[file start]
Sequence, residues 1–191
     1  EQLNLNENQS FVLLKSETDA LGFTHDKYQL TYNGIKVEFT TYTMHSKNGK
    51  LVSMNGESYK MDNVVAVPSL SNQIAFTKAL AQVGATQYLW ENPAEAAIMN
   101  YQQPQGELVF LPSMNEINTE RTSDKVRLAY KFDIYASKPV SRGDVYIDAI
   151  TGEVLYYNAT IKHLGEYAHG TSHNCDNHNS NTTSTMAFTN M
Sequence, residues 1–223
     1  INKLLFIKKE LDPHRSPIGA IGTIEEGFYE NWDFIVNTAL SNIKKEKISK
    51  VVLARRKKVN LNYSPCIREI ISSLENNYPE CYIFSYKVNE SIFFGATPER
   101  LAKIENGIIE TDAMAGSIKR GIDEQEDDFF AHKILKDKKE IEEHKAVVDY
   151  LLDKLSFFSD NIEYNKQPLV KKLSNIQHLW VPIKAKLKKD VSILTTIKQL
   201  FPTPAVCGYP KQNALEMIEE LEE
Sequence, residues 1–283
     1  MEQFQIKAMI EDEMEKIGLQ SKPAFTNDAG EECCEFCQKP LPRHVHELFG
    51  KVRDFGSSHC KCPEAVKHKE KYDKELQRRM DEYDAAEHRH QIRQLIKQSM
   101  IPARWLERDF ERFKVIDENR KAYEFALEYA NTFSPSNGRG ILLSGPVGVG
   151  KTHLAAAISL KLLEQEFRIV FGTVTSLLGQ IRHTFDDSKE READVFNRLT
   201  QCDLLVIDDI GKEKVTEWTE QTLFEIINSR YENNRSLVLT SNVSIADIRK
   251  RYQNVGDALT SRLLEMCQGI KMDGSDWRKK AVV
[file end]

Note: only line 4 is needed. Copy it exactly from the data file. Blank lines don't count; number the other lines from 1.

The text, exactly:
   101  YQQPQGELVF LPSMNEINTE RTSDKVRLAY KFDIYASKPV SRGDVYIDAI